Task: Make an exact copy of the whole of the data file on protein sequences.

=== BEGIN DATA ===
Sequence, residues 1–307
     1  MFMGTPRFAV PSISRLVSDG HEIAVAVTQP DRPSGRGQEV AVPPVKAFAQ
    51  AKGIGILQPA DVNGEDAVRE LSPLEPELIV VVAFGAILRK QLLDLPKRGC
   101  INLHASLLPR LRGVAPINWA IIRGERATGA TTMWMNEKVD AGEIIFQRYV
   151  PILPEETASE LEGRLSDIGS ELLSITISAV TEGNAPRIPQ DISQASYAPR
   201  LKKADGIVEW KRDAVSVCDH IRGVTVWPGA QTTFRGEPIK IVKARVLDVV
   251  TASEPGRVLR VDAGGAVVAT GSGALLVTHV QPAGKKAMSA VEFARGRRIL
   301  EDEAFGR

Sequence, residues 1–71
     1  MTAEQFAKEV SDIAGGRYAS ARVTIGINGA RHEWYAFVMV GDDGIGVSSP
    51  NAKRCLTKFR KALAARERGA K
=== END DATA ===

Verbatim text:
Sequence, residues 1–307
     1  MFMGTPRFAV PSISRLVSDG HEIAVAVTQP DRPSGRGQEV AVPPVKAFAQ
    51  AKGIGILQPA DVNGEDAVRE LSPLEPELIV VVAFGAILRK QLLDLPKRGC
   101  INLHASLLPR LRGVAPINWA IIRGERATGA TTMWMNEKVD AGEIIFQRYV
   151  PILPEETASE LEGRLSDIGS ELLSITISAV TEGNAPRIPQ DISQASYAPR
   201  LKKADGIVEW KRDAVSVCDH IRGVTVWPGA QTTFRGEPIK IVKARVLDVV
   251  TASEPGRVLR VDAGGAVVAT GSGALLVTHV QPAGKKAMSA VEFARGRRIL
   301  EDEAFGR

Sequence, residues 1–71
     1  MTAEQFAKEV SDIAGGRYAS ARVTIGINGA RHEWYAFVMV GDDGIGVSSP
    51  NAKRCLTKFR KALAARERGA K